9 Free, Easy-To-Use Budget Templates and Spreadsheets
By: Cynthia Measom
July 29, 2022
A 2022 Debt.com survey found that 86% of people track their monthly income and expenses, up from 80% in 2021 and 2020 and roughly 70% pre-pandemic.
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Americans Earning Six Figures Are on Edge About Inflation
By: Brian O'Connell
July 13, 2022
|The Street
“Don’t confuse 'anxiety' with 'insolvency,'” said Howard Dvorkin, chairman of Debt.com and a financial counselor for nearly three decades. “I’ve noticed that the more you earn, the more you worry about the economy.”
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Services That Allow You to Buy Now, Pay Later
By: Geoff Williams
July 7, 2022
|U.S. News & World Report
Howard Dvorkin, a certified public accountant and the chairman of Debt.com, has a completely different take. “Remember, these companies wouldn’t offer BNPL plans if they couldn’t profit from them – at your expense,” he says. “For every perk you salivate over, there’s a catch that will have you spitting angry.”
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Changes to Medical Collection Debt Reporting Could Help Your Credit Score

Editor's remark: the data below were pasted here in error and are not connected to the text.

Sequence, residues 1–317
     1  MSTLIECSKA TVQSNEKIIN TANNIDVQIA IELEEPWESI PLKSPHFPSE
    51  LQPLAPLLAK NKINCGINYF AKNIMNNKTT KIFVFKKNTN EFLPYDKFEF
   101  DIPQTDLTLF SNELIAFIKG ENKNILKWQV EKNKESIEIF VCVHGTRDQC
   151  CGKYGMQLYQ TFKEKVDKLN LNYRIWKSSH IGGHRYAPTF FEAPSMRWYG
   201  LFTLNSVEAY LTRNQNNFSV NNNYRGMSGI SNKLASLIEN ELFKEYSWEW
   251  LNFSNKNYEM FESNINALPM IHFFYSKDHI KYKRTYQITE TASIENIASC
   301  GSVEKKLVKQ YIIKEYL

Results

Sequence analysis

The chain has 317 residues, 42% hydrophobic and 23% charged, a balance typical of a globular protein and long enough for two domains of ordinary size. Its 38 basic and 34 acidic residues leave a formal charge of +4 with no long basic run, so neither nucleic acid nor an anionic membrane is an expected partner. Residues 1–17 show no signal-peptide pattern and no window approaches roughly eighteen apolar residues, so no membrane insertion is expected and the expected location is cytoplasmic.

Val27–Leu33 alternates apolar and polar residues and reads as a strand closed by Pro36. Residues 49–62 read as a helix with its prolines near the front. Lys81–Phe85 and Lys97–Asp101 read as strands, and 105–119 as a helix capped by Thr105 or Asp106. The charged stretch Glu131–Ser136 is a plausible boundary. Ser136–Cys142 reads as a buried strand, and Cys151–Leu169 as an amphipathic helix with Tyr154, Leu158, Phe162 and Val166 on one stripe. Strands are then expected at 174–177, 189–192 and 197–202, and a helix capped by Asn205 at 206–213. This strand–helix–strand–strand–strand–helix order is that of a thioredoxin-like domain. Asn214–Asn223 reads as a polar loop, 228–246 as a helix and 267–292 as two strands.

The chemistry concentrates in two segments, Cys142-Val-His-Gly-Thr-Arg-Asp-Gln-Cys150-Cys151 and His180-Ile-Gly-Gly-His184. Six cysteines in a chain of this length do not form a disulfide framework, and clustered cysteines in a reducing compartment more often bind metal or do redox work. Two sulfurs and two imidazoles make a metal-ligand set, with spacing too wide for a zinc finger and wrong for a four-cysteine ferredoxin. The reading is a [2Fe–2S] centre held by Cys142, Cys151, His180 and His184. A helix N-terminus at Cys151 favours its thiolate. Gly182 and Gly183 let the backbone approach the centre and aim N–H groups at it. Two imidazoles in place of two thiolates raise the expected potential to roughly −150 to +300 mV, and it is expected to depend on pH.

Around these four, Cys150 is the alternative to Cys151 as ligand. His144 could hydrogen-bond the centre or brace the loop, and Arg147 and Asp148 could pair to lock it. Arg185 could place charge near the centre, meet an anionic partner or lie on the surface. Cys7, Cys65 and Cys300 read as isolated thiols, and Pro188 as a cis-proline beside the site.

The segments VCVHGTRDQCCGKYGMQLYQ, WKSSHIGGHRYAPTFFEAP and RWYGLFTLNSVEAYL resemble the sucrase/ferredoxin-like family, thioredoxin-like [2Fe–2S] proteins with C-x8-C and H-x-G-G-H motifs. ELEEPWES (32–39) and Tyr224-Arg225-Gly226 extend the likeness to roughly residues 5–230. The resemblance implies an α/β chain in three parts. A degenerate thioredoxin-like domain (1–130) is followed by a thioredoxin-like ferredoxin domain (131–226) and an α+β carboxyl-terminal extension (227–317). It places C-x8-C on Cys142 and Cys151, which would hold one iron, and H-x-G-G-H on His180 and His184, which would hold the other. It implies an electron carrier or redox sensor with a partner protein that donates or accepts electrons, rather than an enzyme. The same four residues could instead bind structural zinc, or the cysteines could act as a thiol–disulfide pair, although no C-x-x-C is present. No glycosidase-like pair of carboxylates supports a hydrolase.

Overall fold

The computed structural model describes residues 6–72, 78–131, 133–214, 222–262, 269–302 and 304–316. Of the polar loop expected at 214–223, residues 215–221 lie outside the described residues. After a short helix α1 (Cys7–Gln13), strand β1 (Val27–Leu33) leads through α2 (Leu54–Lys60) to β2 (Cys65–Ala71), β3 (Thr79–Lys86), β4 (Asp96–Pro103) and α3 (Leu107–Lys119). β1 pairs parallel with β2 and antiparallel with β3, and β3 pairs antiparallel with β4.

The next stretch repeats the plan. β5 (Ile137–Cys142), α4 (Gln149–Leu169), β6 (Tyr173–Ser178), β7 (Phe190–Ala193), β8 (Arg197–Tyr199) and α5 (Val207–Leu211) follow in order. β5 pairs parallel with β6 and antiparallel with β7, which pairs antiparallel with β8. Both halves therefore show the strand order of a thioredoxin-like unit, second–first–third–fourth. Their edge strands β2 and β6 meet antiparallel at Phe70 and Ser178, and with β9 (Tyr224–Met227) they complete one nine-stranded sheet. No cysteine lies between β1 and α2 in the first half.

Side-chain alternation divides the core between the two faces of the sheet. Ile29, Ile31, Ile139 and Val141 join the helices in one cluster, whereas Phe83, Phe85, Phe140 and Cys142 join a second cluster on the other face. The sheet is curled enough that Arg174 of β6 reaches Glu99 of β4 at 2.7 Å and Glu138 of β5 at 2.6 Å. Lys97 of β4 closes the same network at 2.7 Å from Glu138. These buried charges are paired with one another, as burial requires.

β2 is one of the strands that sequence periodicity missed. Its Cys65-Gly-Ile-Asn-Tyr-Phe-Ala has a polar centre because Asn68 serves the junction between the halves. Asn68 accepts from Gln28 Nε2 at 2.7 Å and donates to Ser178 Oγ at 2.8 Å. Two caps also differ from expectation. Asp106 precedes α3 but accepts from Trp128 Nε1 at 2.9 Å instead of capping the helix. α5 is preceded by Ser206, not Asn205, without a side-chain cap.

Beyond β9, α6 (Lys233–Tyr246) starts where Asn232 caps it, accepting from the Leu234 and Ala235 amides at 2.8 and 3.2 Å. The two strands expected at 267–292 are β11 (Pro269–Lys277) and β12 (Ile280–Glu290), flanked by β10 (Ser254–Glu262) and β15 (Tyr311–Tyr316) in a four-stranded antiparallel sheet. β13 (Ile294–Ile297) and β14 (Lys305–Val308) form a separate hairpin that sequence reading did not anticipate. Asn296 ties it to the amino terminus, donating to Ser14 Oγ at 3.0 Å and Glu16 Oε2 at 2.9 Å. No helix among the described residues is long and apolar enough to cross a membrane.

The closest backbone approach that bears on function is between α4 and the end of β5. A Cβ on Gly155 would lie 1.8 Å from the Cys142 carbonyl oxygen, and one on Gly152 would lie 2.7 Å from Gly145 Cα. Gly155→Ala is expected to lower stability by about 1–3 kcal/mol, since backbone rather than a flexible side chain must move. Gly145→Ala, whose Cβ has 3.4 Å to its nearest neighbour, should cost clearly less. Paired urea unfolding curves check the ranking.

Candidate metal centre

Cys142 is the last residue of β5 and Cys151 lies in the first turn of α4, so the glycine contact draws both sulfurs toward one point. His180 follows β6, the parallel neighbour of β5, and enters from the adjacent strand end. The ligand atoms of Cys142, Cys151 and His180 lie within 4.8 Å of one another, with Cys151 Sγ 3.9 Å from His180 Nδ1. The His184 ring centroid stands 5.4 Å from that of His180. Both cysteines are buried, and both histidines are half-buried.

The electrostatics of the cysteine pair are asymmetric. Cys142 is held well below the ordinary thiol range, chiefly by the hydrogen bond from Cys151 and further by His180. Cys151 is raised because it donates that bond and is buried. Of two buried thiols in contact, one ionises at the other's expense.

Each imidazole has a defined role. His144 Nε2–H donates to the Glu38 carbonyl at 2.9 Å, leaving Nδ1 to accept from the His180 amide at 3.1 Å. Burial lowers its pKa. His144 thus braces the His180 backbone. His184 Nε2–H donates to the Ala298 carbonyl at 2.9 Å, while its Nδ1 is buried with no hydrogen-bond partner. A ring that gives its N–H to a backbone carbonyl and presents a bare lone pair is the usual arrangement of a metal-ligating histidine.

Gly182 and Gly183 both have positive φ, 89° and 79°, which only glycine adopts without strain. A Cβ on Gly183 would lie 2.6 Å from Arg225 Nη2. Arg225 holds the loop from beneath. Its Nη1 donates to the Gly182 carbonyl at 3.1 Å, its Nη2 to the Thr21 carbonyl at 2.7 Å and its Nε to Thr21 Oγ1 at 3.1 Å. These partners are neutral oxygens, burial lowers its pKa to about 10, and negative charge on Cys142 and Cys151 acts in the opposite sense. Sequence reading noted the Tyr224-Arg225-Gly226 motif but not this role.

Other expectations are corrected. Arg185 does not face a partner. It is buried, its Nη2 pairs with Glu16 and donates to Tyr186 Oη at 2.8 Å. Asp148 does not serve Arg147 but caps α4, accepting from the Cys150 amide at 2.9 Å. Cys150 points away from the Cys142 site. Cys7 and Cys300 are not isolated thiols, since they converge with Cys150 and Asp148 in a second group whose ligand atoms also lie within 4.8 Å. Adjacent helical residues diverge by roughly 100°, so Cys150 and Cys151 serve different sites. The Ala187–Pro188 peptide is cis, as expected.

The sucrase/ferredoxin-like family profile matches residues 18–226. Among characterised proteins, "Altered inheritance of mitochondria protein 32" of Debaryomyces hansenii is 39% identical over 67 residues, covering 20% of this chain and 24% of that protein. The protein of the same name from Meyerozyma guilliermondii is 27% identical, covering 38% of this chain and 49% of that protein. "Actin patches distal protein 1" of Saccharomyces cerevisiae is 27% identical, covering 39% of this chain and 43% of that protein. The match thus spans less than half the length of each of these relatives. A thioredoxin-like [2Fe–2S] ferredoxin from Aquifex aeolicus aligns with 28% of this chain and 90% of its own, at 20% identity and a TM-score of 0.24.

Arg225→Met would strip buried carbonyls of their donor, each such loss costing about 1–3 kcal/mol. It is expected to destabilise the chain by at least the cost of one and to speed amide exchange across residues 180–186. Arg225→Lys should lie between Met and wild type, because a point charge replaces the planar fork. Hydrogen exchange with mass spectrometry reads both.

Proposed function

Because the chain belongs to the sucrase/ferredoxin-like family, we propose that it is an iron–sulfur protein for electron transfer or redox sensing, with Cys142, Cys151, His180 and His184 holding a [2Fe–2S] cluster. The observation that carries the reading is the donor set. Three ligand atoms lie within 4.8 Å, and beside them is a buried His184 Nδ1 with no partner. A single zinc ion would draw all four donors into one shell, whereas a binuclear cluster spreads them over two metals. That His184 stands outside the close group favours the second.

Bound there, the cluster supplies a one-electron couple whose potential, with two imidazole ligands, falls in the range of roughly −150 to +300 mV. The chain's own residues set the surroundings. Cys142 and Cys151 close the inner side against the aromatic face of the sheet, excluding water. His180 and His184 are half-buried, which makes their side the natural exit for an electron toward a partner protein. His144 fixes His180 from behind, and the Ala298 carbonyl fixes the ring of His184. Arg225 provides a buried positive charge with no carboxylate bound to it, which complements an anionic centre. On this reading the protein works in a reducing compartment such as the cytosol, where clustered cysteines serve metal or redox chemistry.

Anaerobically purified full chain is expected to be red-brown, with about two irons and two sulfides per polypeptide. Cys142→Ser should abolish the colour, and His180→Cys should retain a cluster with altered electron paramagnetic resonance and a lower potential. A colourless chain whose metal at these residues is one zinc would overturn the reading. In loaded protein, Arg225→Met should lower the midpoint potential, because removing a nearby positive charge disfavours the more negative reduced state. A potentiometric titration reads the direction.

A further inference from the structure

By: Alina Machado
July 1, 2022
|NBC South Florida
"This is definitely a win for consumers,” Dvorkin said. "Consumers need a win right now with crazy prices and things going on in the economy.”

What You Should Know About Seeking Financial Advice Online, According to a CPA
By: Gabrielle Olya
June 30, 2022
“The internet is a great tool to find information — the problem is most people don’t know how to use the tool correctly when it comes to financial advice,” said Howard Dvorkin, CPA and chairman of Debt.com. “CPAs like me talk all the time about listening to financial advice from experts with your best interests in mind — not their own — and if you don’t know what red flags to look out for, you may end up taking advice that will end up costing you.”
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Why You Should Pay More Than the Minimum Payment on Your Credit Card
By: Katie Teague
June 29, 2022
If you owe a significant amount of money on your credit card, your minimum payment will likely be around 2-3% of your balance, Debt.com resident expert and certified public accountant Howard Dvorkin told CNET. However, it could also be as low as 1%.
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